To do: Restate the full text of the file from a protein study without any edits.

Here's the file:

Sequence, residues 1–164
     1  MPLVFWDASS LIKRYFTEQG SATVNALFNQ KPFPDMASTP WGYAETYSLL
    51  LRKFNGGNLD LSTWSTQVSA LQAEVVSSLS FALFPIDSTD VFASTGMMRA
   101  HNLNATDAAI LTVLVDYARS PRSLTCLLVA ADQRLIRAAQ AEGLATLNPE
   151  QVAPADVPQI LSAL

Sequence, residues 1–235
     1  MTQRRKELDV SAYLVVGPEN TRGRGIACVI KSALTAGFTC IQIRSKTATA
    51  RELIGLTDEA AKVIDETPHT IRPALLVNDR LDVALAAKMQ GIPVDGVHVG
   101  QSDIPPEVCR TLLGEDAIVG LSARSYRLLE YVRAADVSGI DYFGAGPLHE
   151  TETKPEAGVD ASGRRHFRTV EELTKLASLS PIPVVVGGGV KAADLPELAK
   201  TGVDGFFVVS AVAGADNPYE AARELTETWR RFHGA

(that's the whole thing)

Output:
Sequence, residues 1–164
     1  MPLVFWDASS LIKRYFTEQG SATVNALFNQ KPFPDMASTP WGYAETYSLL
    51  LRKFNGGNLD LSTWSTQVSA LQAEVVSSLS FALFPIDSTD VFASTGMMRA
   101  HNLNATDAAI LTVLVDYARS PRSLTCLLVA ADQRLIRAAQ AEGLATLNPE
   151  QVAPADVPQI LSAL

Sequence, residues 1–235
     1  MTQRRKELDV SAYLVVGPEN TRGRGIACVI KSALTAGFTC IQIRSKTATA
    51  RELIGLTDEA AKVIDETPHT IRPALLVNDR LDVALAAKMQ GIPVDGVHVG
   101  QSDIPPEVCR TLLGEDAIVG LSARSYRLLE YVRAADVSGI DYFGAGPLHE
   151  TETKPEAGVD ASGRRHFRTV EELTKLASLS PIPVVVGGGV KAADLPELAK
   201  TGVDGFFVVS AVAGADNPYE AARELTETWR RFHGA